“I’m very proud, frankly, to be a member of a community that did not go grubbing for money, or apologies, but just said ‘remember what happened. Let’s try and learn some lessons from it… let’s put it in the history books’,” said Dr. Luciuk.

The campaign was launched by UCCLA in the mid 1980’s, but it wasn’t until 2008, when UCCLA, now joined by the Ukrainian Canadian Congress (UCC) and the Ukrainian Canadian Foundation of Taras Shevchenko (UCFTS) obtained a redress agreement after negotiating one with then Multiculturalism Minister Jason Kenney, whom Dr. Luciuk described as “a very difficult man to negotiate with”, but fair.

Thus, on May 9, 2008, the Canadian government established a $10 million fund. The Endowment Council of the Canadian First World War Internment Recognition Fund uses the interest earned on that amount to fund projects that commemorate the experience of thousands of Ukrainians and other Europeans interned between 1914–20 and the many others who suffered a suspension of their civil liberties and freedoms. The funds are themselves held in trust by the UCFTS.

Dr. Luciuk also singled out Inky Mark the former MP for Dauphin—Swan River—Marquette, who took up the redress cause, for praise, describing him as “the greatest friend of the Ukrainian Canadian community that I have ever seen”.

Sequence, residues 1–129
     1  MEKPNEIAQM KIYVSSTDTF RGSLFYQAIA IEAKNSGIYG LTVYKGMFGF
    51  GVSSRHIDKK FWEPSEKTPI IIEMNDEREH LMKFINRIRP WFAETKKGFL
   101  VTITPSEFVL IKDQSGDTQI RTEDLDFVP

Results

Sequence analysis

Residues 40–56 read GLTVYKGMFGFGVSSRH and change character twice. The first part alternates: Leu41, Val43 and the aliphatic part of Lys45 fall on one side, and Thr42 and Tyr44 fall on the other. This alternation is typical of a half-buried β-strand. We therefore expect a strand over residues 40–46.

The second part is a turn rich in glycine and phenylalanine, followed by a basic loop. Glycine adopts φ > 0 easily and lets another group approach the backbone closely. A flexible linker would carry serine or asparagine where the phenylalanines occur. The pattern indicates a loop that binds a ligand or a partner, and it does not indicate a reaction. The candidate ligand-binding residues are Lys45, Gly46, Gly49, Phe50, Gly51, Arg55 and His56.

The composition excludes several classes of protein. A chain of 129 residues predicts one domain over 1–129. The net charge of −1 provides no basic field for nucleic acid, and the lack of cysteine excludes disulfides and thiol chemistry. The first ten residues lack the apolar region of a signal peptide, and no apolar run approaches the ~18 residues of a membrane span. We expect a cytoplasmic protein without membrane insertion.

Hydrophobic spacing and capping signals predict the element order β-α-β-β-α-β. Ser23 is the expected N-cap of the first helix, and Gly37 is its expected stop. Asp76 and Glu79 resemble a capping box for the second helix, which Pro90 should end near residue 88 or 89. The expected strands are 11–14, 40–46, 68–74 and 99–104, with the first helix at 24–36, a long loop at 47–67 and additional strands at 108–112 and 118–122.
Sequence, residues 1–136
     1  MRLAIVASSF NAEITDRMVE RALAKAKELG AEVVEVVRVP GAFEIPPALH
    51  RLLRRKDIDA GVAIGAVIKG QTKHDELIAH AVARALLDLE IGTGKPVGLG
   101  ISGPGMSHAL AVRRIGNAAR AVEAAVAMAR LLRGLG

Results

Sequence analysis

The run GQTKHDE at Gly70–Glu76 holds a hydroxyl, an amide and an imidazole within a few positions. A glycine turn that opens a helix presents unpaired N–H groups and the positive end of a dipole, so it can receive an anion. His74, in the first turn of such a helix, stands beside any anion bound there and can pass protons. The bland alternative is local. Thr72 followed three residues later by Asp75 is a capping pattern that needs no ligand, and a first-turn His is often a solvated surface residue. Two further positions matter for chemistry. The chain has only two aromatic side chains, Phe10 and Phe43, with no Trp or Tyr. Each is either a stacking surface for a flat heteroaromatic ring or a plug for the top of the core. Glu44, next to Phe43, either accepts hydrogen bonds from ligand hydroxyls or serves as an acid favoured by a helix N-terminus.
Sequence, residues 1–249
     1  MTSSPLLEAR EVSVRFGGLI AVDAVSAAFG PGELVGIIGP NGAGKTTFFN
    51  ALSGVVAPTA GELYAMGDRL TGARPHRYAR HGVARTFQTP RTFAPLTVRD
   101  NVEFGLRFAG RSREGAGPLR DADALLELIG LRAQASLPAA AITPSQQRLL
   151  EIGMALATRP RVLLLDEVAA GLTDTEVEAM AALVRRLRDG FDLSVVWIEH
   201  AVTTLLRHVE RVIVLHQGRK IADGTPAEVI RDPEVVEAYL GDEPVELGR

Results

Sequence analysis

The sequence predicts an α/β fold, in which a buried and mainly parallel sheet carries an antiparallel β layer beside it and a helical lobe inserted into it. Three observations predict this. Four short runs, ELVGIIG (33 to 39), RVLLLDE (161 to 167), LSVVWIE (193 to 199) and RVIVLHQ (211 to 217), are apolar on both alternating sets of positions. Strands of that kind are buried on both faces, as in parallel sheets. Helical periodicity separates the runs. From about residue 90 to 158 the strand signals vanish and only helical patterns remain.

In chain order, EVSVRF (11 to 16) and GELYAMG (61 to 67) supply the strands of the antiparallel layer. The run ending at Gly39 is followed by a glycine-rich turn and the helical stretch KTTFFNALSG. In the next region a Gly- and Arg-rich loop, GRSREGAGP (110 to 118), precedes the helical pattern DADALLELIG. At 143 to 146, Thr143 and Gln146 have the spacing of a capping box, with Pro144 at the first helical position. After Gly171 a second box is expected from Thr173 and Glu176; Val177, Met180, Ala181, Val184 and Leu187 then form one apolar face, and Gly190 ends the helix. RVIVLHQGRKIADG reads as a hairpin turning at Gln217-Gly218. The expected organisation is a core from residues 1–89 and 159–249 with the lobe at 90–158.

Mark sponsored a Private Member’s Bill on redress, and this eventually led to the agreement being finalized under Prime Minister Stephen Harper. Dr. Luciuk attributed this to “Inky’s statesmanship, his hard work, his consistency, his perseverance.”

Dr. Luciuk first came across the internment issue when he was doing research for a Master’s thesis on the political geography of the Ukrainian community in Kingston, Ontario, where he was born.

During the course of his research he interviewed an elderly woman who in turn led him to Mykola Sakaliuk, who had been interned as a forced labourer at Kingston’s Fort Henry.
Dr. Luciuk had never heard about the internment of Ukrainian Canadians and was “dumbfounded” when he heard Sakaliuk’s story. This prompted him to do more research and eventually led to the redress campaign.

Dr. Luciuk attributed the internment operations which lasted until June, 1920, over a year-and-a-half after the war had ended, to a combination of xenophobia and a need for cheap labour. Mostly able-bodied men were interned, but some women and children also chose to join them in some camps. They did so because they had no other choice, explained Dr. Luciuk.

“The women and children who did not go into the camps ended up facing poverty, destitution, social prejudice and, of course many difficulties. And we know there were some deaths and suicides as a result.”

And the men were basically slave labourers.

“They were there behind Canadian barbed wire. They were there under guard. If you attempted to escape, you would be shot. And over 100 people did die in the camps – six of whom were actually shot trying to escape. Others died of physical injuries, mental illness and so on. So, this was a very difficult experience,” said Dr. Luciuk.